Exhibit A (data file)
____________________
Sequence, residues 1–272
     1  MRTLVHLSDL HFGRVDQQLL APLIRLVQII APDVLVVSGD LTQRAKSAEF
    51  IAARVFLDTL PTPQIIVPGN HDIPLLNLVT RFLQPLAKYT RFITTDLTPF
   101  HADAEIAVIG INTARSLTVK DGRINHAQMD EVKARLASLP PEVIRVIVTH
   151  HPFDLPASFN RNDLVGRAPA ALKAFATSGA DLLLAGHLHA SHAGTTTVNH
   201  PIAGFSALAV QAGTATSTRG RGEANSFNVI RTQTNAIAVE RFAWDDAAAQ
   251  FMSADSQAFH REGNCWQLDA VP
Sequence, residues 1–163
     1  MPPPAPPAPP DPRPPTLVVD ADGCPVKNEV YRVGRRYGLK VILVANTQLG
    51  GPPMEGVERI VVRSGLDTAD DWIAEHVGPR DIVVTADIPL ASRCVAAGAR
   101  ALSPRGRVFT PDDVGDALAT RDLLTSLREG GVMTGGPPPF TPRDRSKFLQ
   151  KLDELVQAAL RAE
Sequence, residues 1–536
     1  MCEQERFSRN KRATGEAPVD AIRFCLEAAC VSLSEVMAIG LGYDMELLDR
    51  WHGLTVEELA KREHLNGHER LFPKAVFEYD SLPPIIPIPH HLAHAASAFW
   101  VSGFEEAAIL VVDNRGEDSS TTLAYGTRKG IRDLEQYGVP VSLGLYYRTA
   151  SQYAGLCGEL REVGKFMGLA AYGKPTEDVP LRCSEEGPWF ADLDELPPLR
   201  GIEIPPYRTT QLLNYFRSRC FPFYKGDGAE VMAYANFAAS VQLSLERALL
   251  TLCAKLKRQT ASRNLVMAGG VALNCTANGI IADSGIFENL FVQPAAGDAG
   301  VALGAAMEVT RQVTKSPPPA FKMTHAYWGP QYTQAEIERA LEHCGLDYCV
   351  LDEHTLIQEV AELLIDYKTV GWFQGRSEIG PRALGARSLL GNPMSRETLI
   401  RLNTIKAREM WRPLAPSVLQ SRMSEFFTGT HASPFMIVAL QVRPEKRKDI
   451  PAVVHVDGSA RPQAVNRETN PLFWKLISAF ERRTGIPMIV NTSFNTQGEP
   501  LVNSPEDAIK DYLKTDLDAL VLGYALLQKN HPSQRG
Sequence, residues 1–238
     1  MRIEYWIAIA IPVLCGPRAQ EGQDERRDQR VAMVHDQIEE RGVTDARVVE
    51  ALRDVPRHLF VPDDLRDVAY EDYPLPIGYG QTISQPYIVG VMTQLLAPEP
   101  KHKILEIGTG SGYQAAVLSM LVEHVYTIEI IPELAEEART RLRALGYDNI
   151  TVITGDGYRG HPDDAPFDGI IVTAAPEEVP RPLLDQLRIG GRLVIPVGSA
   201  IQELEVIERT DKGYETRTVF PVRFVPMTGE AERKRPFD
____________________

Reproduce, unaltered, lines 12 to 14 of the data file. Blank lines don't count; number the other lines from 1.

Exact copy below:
   151  KLDELVQAAL RAE
Sequence, residues 1–536
     1  MCEQERFSRN KRATGEAPVD AIRFCLEAAC VSLSEVMAIG LGYDMELLDR